Monday Medical: Behind the scenes |

Monday Medical: Behind the scenes

Reflecting on a year of digital mammography at YVMC

Christine McKelvie

One year ago, Yampa Valley Medical Center was proudly announcing the arrival of digital mammography service and holding an open house to show off the equipment and a brand-new suite.

This important new technology was made possible in part by generous community contributions and two fundraising events, the YVMC Auxiliary's Rubber Ducky Race and the Healthcare Foundation for the Yampa Valley's Penguin Plunge.

In the past 12 months, more than 2,000 women have experienced digital mammography, and they have given it an enthusiastic thumbs up. So, what do they like about it?

"It's faster. I hear that all the time," YVMC Women's Imaging Coordinator Julie Isaacs said. "We no longer have to process film in the darkroom. And the process seems a little gentler due to the smoothness of the equipment and quiet atmosphere."

With soothing décor and soft music, the YVMC mammography team has created a comfortable environment.

"One thing that hasn't changed is that we still need good compression, because that is what provides detail on the images," Isaacs said. "Compression also helps regulate and provide the proper amount of exposure."

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Isaacs leads a team of four experienced mammographers. When she is not performing exams, she is busy with the myriad reviews, statistics and processes that are required by regulatory and accrediting agencies.

"Since 1994, when the Mam­mography Quality Standards Act went into effect, our hospital mammography service has been licensed by the Food and Drug Administration," Isaacs said. "We are also accredited by the American College of Radiology."

Isaacs said YVMC performs daily, weekly, monthly and semiannual quality testing of the mammography equipment.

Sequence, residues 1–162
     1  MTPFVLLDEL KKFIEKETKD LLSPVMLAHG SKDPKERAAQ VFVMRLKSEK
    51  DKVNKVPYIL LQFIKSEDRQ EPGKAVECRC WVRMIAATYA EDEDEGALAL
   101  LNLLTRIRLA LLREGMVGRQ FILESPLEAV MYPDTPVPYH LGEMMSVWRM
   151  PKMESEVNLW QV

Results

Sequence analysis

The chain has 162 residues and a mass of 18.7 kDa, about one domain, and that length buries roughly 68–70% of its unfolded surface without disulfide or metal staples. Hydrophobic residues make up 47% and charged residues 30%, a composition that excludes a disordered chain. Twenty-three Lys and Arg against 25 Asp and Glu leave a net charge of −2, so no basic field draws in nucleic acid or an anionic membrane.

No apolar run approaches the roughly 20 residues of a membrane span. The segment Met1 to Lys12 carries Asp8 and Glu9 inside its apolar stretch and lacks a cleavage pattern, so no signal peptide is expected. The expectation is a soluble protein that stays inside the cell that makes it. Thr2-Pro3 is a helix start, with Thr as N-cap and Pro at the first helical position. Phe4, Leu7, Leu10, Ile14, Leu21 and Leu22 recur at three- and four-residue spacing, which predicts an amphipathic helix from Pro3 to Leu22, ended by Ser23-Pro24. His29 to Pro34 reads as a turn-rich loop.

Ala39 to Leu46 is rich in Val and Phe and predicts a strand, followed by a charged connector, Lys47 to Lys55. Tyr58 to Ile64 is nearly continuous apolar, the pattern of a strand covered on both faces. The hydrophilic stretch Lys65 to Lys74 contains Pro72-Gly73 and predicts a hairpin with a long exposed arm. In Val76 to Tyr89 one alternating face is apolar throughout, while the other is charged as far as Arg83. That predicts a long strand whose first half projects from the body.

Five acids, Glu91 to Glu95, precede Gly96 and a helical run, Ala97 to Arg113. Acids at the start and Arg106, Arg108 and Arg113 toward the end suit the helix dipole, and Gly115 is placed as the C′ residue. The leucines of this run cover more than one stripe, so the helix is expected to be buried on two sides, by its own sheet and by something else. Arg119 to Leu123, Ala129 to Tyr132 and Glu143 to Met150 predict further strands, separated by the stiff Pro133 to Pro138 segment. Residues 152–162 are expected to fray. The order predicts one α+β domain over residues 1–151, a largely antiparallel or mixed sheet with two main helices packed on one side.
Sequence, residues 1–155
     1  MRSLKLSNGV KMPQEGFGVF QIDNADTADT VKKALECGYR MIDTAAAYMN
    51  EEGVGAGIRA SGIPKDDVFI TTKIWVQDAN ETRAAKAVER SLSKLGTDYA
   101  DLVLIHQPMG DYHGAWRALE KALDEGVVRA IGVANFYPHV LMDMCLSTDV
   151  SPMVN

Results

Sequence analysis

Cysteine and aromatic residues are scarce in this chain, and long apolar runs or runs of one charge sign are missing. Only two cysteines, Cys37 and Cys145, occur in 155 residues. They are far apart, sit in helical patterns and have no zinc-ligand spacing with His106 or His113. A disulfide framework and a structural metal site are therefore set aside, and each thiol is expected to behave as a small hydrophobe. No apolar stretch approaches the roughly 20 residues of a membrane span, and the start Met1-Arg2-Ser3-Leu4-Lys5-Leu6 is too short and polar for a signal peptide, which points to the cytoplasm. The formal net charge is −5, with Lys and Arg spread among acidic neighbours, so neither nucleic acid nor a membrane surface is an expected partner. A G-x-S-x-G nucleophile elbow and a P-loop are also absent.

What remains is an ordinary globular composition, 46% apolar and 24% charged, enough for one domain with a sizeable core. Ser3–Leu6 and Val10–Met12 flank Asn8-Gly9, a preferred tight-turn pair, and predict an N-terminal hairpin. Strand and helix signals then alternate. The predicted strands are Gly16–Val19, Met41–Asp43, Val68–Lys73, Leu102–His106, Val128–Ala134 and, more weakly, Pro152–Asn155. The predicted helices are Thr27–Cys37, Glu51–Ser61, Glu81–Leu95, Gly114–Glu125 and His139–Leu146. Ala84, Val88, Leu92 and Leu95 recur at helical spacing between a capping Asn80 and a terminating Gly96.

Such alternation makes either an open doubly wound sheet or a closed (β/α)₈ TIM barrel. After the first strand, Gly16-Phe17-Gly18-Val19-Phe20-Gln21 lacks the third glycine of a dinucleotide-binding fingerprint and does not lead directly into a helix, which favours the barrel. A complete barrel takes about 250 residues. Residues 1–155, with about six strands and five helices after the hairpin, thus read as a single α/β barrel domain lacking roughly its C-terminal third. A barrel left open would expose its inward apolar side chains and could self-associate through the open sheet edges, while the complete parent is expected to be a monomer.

"Continuous surveillance of each radiologist's interpretation data is collected and reviewed quarterly by the lead interpreting physician," she said. "This is done both for self-assessment and as mandated by the MQSA.

"In addition, YVMC radiologists, radiologic technologists and physicists are required to complete continuing education and training."

YVMC is inspected on-site twice a year, Isaacs added. The federal inspector who visited in July complimented Isaacs and the mammography team for a smooth conversion in October 2009 from analog to digital technology.

"We met all standards for our new technology," Isaacs said. "There were no recommendations for improvement."

The other annual inspection is by a Colorado physicist who tests the equipment and ensures that it is operating properly.

Although Isaacs is often immersed in technology and process, she also performs mammograms, and it is clear that she greatly enjoys connecting with her patients.

"I encourage anyone who has a question or concern regarding mammography to call me directly at 970-871-2514," she said.

"October is Breast Cancer Awareness Month, when many women have their mammograms," she said. "We work very closely with the Northwest Colorado Visiting Nurse Association and Yampa Valley Breast Cancer Awareness Project to make sure that all women who need mammograms can get them."

Jan Fritz, YVMC's director of Cancer Services, said that in the past year, the Yampa Valley Breast Cancer Awareness Project paid for at least 85 mammograms for women who otherwise could not afford them. The organization also provided financial assistance for numerous other diagnostic tests and biopsies.

The primary funding source for the program is the annual Bust of Steamboat event, which the hospital has sponsored since its inception.

The 2010 Bust of Steamboat is scheduled for Friday. You can bet that Isaacs and the YVMC mammography team will be there, including the hospital's newest radiologist, Dr. Malaika Thompson.

Thompson is subspecialty-trained in breast imaging, having completed a Women's Imaging Fellowship at the University of Colorado Hospital in June.

"I'm proud to be a part of the breast imaging team at YVMC," Thompson said. "I am looking forward to working closely with patients, their health care providers and the community, both on a professional and personal level."

Christine McKelvie is public relations director of Yampa Valley Medical Center. She can be reached at

If you go

Yampa Valley Medical Center is the presenting sponsor of the annual Bust of Steamboat on Friday. The pink-themed fundraiser for the Yampa Valley Breast Cancer Awareness Project is at Three Peaks Grill from 5 to 8 p.m. Tickets are $25 in advance at All That Jazz, Central Park Liquor and Three Peaks Grill.

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